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Walden Monterey – The Science Behind a Walk in the Woods

At Walden Monterey, we may be a bit bias, but we certainly are not the only ones who feel compelled to get outside and be in Nature.

So, why are we so drawn to walking in the woods, seeing green leaves swaying overhead, to feeling the soft ground yielding underneath our feet, to hearing the birds call and respond, to smelling the damp earth and the sweet wildflowers?

Strolling through Walden Monterey

If you’re like many people, you often yearn to be out in nature, especially if you spend most of your time inside.

It turns out there are some amazing scientific reasons why a walk in the forest feels so good. Trees contain essential oils that get released into the forest air. When we walk under and among trees, we breathe in these near-magical oils, and that does a world of good for our health. Right away, our energy levels increase by more than 30 percent. We sleep better and longer too; a two-hour walk among trees increases the amount of sleep by an average of 15 percent.

It’s not just a coincidence that being in the forest puts you into such a good mood — feeling less stressed, less anxious, less depressed, and less angry; studies show that being near trees significantly reduces the amount of stress hormones in our bodies. As if that’s not enough, inhaling these tree oils is good for the heart, the circulation, and the immune system.

The Japanese Practice of Forest Bathing

Walden’s emphasis on Nature may have appeared to be unique for its time, but these practices have been encouraged for centuries. The Japanese have taken this idea of gaining health benefits from being near trees and turned it into an art form. Instead of these benefits being a side effect of spending time in nature, they have become the reason to go to the forest in the first place. The Japanese call these health-seeking experiences in nature shinrin-yoku, which means “forest bathing.” 

Shinrin-yoku is an ancient practice in Japan, but it has become wildly popular with the recent publication of the bestselling book Forest Bathing: How Trees Can Help You Find Health and Happiness by Dr. Qing Li, a leading expert in the science of forest medicine.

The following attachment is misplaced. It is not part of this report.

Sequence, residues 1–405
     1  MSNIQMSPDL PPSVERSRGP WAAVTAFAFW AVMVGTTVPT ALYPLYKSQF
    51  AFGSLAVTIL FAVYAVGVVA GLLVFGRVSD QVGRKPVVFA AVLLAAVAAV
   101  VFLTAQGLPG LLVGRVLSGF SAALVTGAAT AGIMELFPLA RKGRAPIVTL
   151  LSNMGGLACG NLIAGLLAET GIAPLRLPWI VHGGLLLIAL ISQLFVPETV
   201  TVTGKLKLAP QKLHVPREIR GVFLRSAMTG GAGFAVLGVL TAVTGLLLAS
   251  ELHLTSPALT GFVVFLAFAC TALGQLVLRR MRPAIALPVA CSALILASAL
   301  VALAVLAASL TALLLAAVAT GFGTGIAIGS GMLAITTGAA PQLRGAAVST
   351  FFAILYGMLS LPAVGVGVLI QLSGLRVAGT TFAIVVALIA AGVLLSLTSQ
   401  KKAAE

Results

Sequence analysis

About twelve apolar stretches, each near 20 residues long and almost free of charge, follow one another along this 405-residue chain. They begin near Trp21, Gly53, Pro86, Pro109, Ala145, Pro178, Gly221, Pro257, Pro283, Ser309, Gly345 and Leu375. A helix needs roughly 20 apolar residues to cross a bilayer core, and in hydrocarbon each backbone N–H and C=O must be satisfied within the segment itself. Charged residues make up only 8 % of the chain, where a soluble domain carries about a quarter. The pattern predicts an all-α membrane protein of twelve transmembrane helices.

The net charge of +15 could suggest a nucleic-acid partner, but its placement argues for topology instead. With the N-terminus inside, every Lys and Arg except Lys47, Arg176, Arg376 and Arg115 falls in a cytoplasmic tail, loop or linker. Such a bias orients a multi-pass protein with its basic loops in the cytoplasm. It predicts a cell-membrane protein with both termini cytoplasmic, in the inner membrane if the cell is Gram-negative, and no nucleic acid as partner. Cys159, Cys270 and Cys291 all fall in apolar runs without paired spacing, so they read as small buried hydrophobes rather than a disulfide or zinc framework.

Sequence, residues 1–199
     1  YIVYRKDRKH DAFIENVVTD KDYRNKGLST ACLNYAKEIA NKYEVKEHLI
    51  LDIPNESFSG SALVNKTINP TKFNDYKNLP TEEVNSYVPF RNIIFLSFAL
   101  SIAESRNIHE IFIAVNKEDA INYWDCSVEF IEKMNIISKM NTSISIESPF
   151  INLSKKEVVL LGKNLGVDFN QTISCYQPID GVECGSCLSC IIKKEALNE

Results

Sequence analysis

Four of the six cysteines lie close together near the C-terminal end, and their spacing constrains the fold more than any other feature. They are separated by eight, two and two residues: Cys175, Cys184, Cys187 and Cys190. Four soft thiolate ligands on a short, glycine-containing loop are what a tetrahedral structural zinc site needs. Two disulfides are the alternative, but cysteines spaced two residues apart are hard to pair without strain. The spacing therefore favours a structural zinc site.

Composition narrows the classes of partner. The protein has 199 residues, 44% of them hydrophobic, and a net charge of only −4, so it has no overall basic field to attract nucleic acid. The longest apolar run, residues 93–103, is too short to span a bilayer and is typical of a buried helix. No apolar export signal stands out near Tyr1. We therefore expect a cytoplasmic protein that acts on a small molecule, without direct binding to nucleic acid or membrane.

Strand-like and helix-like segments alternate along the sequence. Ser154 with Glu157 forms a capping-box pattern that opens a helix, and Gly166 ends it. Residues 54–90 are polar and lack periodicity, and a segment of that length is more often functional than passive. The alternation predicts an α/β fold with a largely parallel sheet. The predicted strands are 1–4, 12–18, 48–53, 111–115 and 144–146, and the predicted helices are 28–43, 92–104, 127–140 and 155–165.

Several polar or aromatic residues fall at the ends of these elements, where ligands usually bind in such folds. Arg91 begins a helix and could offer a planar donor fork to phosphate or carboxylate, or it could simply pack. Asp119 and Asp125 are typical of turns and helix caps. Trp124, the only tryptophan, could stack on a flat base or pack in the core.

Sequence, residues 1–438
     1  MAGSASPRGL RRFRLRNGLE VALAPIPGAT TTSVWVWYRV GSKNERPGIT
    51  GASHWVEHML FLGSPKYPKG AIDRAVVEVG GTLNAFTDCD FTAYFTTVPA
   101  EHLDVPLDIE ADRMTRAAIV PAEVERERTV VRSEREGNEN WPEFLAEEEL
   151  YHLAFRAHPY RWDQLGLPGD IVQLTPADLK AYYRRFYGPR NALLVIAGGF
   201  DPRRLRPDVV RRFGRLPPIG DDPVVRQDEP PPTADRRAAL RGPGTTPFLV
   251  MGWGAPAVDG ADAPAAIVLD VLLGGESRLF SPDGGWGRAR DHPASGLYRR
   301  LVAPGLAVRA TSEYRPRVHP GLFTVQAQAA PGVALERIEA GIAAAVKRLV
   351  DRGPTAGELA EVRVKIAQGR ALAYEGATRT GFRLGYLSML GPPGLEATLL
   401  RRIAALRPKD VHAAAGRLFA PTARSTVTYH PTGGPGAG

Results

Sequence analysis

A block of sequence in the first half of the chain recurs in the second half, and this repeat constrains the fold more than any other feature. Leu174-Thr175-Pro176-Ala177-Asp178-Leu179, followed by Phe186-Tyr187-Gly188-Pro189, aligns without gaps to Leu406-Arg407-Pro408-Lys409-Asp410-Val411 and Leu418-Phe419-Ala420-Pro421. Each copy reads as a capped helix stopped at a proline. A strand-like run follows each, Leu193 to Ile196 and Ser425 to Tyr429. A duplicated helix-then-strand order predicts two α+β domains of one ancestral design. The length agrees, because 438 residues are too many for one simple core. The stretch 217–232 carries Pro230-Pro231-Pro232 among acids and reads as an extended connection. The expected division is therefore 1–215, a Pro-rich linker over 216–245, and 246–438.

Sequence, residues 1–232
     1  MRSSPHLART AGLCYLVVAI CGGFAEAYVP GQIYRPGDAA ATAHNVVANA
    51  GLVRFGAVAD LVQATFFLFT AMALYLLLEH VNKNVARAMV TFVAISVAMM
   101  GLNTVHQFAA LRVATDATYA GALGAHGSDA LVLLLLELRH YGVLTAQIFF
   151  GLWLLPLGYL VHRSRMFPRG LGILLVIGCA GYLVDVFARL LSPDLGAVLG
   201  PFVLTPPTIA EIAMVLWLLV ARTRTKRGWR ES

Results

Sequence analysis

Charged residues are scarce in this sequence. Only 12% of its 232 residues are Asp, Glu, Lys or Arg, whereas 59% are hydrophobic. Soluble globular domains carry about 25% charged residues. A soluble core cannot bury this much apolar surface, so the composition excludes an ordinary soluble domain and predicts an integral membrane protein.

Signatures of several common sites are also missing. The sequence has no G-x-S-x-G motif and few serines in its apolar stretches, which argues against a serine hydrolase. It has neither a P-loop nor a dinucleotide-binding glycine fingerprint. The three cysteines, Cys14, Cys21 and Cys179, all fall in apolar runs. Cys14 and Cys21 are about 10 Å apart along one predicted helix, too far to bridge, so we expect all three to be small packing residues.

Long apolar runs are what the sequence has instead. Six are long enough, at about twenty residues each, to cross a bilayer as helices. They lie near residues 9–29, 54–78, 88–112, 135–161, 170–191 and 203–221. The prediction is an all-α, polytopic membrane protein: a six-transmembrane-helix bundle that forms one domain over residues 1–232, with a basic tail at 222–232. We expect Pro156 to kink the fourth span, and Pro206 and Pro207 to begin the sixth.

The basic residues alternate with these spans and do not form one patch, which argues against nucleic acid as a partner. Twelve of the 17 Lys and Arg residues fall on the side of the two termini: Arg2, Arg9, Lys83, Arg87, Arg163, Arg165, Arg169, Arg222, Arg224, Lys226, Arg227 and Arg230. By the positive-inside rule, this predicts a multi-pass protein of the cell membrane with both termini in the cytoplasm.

Hiking through nature on one of Walden Monterey's trails.
Walden Monterey Hiking Paths

How to be a Forest Bather

Dr. Li has specific advice about how you can gain the benefits of a forest bathing practice. Before you start, leave your phone and your camera behind (that alone can be both highly challenging and very beneficial for many people!). Start walking into the woods without any plan. Move slowly. Let your body go where it wants to go, and let it guide you to a spot that is just right for you, a place that you love, one that feels special.

Experience nature with all of your senses. Notice the different colors around you. Listen to the leaves rustling in the wind. Inhale deeply, and taste the air. Feel the texture of a tree trunk with your fingertips or the cold rushing water of a stream with your toes. Use your sixth sense too — the feeling of joy and calmness that you experience when you connect fully with nature.

Katie Dutcher, founding teacher of Monterey Bay Meditation Studio, shares the practice of “Sit Spot”, at Walden Monterey. Find a spot in nature where you can go often… and go there! Sit and notice what is occurring within you and around you. Notice what changes each time you return to this spot. Join us for our annual Nature Meditation Retreat Series, “Waking Up in the Wild”

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